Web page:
All-new Apple TV app available in over 100 countries starting today<br/>Apple TV App Brings Together Favorite Shows and Movies from Apple TV Channels, iTunes and Over 150 Video Apps<br/>The all-new Apple TV app, which brings together all the ways to watch TV into one app, is available starting today in over 100 countries across iPhone, iPad, Apple TV and select Samsung smart TVs. <br/>With the free iOS 12.3 and tvOS 12.3 software update, customers around the world can now subscribe to Apple TV channels within the Apple TV app — paying for only the ones they want — and watch on demand directly in the app. In the US, Apple TV channels include popular services such as HBO, Starz, SHOWTIME, Smithsonian Channel, EPIX, Tastemade and new services like MTV Hits, with more to be added over time around the world.<sup>1</sup> <br/>Through Family Sharing, up to six family members can share subscriptions to Apple TV channels using just their Apple ID and password. Subscribers can watch and download shows and movies both online and offline, making the Apple TV app the first and only place where HBO subscribers can download movies and shows such as “Game of Thrones” for offline viewing. <br/>Also starting today, users worldwide can enjoy personalized recommendations of shows and movies from more than 150 video apps and streaming services and over 100,000 iTunes movies and TV shows, including the largest collection of 4K HDR titles available to browse, buy or rent — all within the new Apple TV app. The Watch Now section features Up Next, where users can quickly find and watch their favorites with activity synced across devices, as well as explore expertly curated collections based on a secure and comprehensive understanding of users’ viewing interests. <br/>Customers can also enjoy a new, dedicated Kids section, highlighting editorially handpicked shows and movies for kids of all ages, alongside the breakthrough Sports section that makes it easy to find games and receive notifications about favorite teams and leagues. Additionally, customers can find their purchased movies and shows from iTunes in the redesigned Library tab, now organized by Recently Added, Downloaded, Genres and more. <br/><strong>Availability</strong> <br/><ul> <li>The all-new Apple TV app is available today for iPhone, iPad and Apple TV customers in <a href="https://support.apple.com/en-us/HT204411" target="_blank">over 100 countries</a> with iOS 12.3 and tvOS 12.3, and will be available on Mac this fall.</li> </ul> <br/><ul> <li>Starting today, the Apple TV app offering Apple TV channels and iTunes movies and TV shows will also be available on all 2019 Samsung smart TVs and select 2018 models.</li> </ul> <br/><ul> <li>Also starting today, customers with AirPlay 2-enabled Samsung smart TVs can effortlessly play videos and other content from their iPhone, iPad or Mac directly to their smart TVs. Customers must update to iOS 12.3 or macOS 10.14.5 to play or mirror to AirPlay 2-enabled smart TVs.</li> </ul> <br/><ul> <li>Customers with eligible VIZIO, LG and Sony smart TVs will be able to enjoy AirPlay 2 and HomeKit support later this year.</li> </ul> <br/><ul> <li>This fall, Apple TV+, Apple’s original video subscription service, will be available in the Apple TV app.</li> </ul> <br/><sup>1</sup> Network and streaming app availability may vary by country. Some features are not available in all regions or all languages. <br/>Press Contacts<br/>Bernadette Simpao,Apple,bsimpao@apple.com,(669) 227-9273<br/>Christine Monaghan,Apple, cmonaghan@apple.com ,(408) 974-8850 <br/>Apple Media Helpline,media.help@apple.com,(408) 974-2042<br/> […]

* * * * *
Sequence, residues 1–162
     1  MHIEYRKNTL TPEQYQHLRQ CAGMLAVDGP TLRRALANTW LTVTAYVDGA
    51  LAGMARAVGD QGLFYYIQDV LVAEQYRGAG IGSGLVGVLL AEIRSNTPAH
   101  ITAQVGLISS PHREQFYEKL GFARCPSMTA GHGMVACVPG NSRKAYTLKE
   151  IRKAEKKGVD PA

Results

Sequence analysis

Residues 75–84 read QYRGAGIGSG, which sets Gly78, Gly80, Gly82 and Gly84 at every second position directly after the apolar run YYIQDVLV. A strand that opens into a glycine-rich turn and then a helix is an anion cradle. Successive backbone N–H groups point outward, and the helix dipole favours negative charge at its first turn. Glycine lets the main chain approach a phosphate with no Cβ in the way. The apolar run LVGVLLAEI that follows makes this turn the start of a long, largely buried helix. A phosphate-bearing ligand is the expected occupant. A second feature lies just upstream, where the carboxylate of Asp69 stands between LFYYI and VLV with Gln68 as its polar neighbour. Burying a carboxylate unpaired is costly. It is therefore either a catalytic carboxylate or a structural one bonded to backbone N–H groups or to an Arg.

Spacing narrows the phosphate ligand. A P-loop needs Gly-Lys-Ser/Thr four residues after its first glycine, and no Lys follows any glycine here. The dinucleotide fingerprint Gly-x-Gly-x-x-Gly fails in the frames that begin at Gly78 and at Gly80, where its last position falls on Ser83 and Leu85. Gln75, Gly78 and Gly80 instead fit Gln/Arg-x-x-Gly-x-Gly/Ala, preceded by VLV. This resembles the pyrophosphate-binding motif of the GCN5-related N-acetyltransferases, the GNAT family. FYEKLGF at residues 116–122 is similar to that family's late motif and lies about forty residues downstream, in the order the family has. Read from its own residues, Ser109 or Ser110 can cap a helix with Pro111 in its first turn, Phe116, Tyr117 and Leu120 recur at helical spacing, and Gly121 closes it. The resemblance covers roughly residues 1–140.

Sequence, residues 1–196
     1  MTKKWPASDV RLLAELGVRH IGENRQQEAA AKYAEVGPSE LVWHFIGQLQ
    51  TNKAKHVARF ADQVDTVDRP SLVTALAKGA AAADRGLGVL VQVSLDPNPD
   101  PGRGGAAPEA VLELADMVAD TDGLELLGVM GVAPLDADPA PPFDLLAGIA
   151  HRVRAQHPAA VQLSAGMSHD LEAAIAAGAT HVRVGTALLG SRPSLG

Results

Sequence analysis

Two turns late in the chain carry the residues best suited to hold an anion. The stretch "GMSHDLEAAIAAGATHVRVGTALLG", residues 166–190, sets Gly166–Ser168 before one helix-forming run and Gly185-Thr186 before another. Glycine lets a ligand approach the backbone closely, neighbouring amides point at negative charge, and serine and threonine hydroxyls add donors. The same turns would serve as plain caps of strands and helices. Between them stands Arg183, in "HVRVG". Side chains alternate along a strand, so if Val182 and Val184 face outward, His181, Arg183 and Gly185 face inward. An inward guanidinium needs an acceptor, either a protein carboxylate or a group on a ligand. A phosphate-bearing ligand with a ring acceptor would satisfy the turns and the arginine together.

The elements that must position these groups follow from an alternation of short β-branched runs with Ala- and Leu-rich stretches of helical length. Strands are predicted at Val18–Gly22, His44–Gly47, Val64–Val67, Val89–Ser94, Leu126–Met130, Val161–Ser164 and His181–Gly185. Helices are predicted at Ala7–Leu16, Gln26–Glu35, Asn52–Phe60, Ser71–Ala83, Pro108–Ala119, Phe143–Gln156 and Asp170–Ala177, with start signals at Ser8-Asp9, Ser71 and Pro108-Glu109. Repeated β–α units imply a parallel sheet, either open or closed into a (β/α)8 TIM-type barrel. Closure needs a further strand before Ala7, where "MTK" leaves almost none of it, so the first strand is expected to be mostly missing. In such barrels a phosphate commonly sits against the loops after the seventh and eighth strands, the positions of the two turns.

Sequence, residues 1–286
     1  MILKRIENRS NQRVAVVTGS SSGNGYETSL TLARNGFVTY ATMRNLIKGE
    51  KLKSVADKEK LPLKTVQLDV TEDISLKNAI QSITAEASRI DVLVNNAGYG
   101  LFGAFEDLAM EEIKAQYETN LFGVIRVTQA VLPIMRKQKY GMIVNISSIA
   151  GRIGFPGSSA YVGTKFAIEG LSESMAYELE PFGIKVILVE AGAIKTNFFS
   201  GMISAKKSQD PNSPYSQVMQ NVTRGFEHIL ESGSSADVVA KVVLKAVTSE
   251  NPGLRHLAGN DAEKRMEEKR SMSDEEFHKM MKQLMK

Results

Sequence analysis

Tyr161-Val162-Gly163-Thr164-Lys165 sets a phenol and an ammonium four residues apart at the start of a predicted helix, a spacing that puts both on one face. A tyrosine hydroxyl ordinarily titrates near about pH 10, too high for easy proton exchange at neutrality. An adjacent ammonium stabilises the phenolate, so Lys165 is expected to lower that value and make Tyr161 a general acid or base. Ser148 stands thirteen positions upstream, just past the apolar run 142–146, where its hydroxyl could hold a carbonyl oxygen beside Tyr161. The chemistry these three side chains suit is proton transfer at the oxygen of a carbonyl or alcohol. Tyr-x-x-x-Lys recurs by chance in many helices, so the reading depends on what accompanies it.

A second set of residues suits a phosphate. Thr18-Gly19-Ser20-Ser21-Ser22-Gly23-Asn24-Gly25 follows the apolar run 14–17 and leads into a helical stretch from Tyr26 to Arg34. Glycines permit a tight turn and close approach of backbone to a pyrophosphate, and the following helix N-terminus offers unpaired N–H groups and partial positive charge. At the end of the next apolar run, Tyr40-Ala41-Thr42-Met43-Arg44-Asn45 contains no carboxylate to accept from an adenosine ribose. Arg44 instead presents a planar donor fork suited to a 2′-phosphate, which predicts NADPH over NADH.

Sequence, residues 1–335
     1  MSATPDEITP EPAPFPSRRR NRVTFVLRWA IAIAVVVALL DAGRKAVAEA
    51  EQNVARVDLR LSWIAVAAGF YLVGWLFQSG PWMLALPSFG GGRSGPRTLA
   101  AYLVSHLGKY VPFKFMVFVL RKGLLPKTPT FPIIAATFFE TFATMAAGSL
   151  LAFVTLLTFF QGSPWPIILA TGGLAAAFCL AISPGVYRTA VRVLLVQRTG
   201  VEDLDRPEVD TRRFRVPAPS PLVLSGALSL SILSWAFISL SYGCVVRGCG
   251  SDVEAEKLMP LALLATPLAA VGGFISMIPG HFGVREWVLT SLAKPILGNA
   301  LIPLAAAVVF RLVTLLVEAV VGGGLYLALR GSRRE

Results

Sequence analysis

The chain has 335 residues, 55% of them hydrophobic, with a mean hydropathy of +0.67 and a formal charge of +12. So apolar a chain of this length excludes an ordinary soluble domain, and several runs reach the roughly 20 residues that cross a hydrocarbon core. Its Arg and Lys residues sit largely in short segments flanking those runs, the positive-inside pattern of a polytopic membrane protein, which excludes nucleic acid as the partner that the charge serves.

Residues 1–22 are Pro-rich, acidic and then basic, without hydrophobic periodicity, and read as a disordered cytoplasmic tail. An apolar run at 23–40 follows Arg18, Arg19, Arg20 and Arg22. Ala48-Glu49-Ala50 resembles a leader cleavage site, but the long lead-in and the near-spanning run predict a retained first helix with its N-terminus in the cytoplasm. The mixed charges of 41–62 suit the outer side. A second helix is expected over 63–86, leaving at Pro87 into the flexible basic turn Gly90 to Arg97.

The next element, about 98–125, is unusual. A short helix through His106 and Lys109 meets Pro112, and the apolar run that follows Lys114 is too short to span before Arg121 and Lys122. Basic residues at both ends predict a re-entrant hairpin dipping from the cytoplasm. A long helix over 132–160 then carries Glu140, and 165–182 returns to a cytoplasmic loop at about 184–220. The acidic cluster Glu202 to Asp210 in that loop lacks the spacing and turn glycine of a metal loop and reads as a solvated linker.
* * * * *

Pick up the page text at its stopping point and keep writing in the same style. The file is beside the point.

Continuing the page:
• Apple starts a new chapter at Carnegie Library
    by Apple Newsroom on May 11, 2019 at 9:58 pm

    Apple starts a new chapter at Carnegie Library<br/>Apple Carnegie Library and the new DC History Center opened this morning, returning the library to the Washington, D.C. community as a center for learning, discovery and creativity. <br/>Press Contacts<br/>Nick Leahy,Apple, nleahy@apple.com, (408) 862-5012<br/>Abby Reisinger,Apple,areisinger@apple.com,(669) 227-3527<br/>Apple Media Helpline,media.help@apple.com,(408) 974-2042<br/> […]

  • Apple Carnegie Library opens Saturday in Washington, D.C.
    by Apple Newsroom on May 9, 2019 at 2:31 pm